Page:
The first of 532 National Guard troops are set to begin their mission in the southern Arizona desert on Monday under President Barack Obama's plan to beef up U.S.-Mexico border security, although they won't have any law enforcement authority.

About 30 troops will start their jobs on the border Monday, and waves of more troops will be deploying every Monday until all 532 are expected to be on the Arizona border by the end of September. In May, Obama ordered 1,200 National Guard troops to boost security along the border.

California Gov. Arnold Schwarzenegger has said the first of 224 National Guard troops allocated for his state have finished their training and are expected to be deployed to the state's border on Wednesday.

Troops in New Mexico were in different stages of training and don't yet know when they'll be deployed on the border. A Texas National Guard spokesman did not immediately return a call for comment.

The troops will be "extra eyes and ears" for U.S. Customs and Border Protection agents, and though they will have guns for self-defense, they will not have the authority to arrest anyone, said Arizona National Guard spokesman Lt. Valentine Castillo.

He said if troops spot illegal immigrants, they must report them to the Border Patrol, whose agents would make the arrest.

The troops will be stationed in the desert at "strategic locations" along the border, he said, but did not provide specifics.

Mario Escalante, a spokesman for the Border Patrol's Tucson sector, said the troops will use binoculars, night-vision equipment, remote cameras and computers to conduct surveillance on the border, and will have radios to communicate with Border Patrol agents.

They'll be set up at high points in various locations in the desert, he said.

"Having those resources and deploying them adequately makes us more effective," he said.

Obama was all but compelled to act on illegal immigration after the passage of a tough new Arizona law thrust the border problem into the public spotlight.

Arizona Gov. Jan Brewer cited government inaction when she signed the law, which reignited that national illegal immigration debate, caused the governor's popularity to soar in the state and turned her into a national figure.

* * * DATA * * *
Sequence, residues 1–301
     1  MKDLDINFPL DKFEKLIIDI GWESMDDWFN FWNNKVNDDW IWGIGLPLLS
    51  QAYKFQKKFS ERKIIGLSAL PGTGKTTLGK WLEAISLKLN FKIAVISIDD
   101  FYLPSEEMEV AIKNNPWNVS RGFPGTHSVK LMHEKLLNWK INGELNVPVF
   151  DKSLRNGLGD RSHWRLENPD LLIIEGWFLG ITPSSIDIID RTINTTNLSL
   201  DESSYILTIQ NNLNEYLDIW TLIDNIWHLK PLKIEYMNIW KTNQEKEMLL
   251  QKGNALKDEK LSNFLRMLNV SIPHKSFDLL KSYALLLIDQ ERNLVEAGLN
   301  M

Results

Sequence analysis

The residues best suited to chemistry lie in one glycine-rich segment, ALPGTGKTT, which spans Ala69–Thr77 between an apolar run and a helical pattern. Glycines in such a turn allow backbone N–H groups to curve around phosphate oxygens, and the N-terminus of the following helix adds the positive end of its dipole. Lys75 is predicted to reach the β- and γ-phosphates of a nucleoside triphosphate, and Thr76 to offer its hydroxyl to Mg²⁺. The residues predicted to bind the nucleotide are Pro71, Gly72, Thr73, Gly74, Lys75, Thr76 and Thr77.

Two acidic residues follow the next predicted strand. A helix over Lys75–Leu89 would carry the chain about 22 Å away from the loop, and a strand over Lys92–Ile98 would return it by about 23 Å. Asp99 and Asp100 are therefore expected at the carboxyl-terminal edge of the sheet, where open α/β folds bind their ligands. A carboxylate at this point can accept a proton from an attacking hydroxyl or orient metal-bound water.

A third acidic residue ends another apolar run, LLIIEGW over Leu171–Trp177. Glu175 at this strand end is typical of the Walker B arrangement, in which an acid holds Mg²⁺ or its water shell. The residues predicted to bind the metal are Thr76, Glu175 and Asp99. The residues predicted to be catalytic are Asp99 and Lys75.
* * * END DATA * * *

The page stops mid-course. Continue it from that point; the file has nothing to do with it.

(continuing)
The law went into effect July 29 after a judge ruled to block its most controversial sections, including a part that required officers to check a person's immigration status while enforcing other laws. Brewer is appealing the decision and says she'll take it all the way to the Supreme Court.

Brewer has been a sharp critic of the National Guard deployment, saying the troops aren't enough and that Obama should have sent 6,000 along the border, half of them to Arizona.

But in March 2009, Brewer wrote Defense Secretary Robert Gates asking for 250 National Guard troops, less than half the amount now being sent.

Brewer spokesman Paul Senseman did not immediately return a call for comment Friday afternoon.

Santa Cruz County Sheriff Tony Estrada, whose territory is along the Mexico border and includes Nogales, said any additional manpower on the border is welcome and will help.

"It's definitely a start," he said. "Any more boots on the ground, they'll make things safer and it'll make the border more secure, especially for the Border Patrol — they have a humongous task out there, not only with illegal immigration but drugs."

But he said there'd have to be "thousands and thousands" of troops on the border to come close to having any major impact on illegal immigration.

"The border will never be sealed," he said. "They'll find ways to go under it (through tunnels), go through ports of entry with false documents or false claims; they find ways of going over, and they find ways to go around it."

Former President George W. Bush sent 6,000 National Guard troops to the border in June 2006, and they also had no arrest power. Those troops were pulled out in July 2008.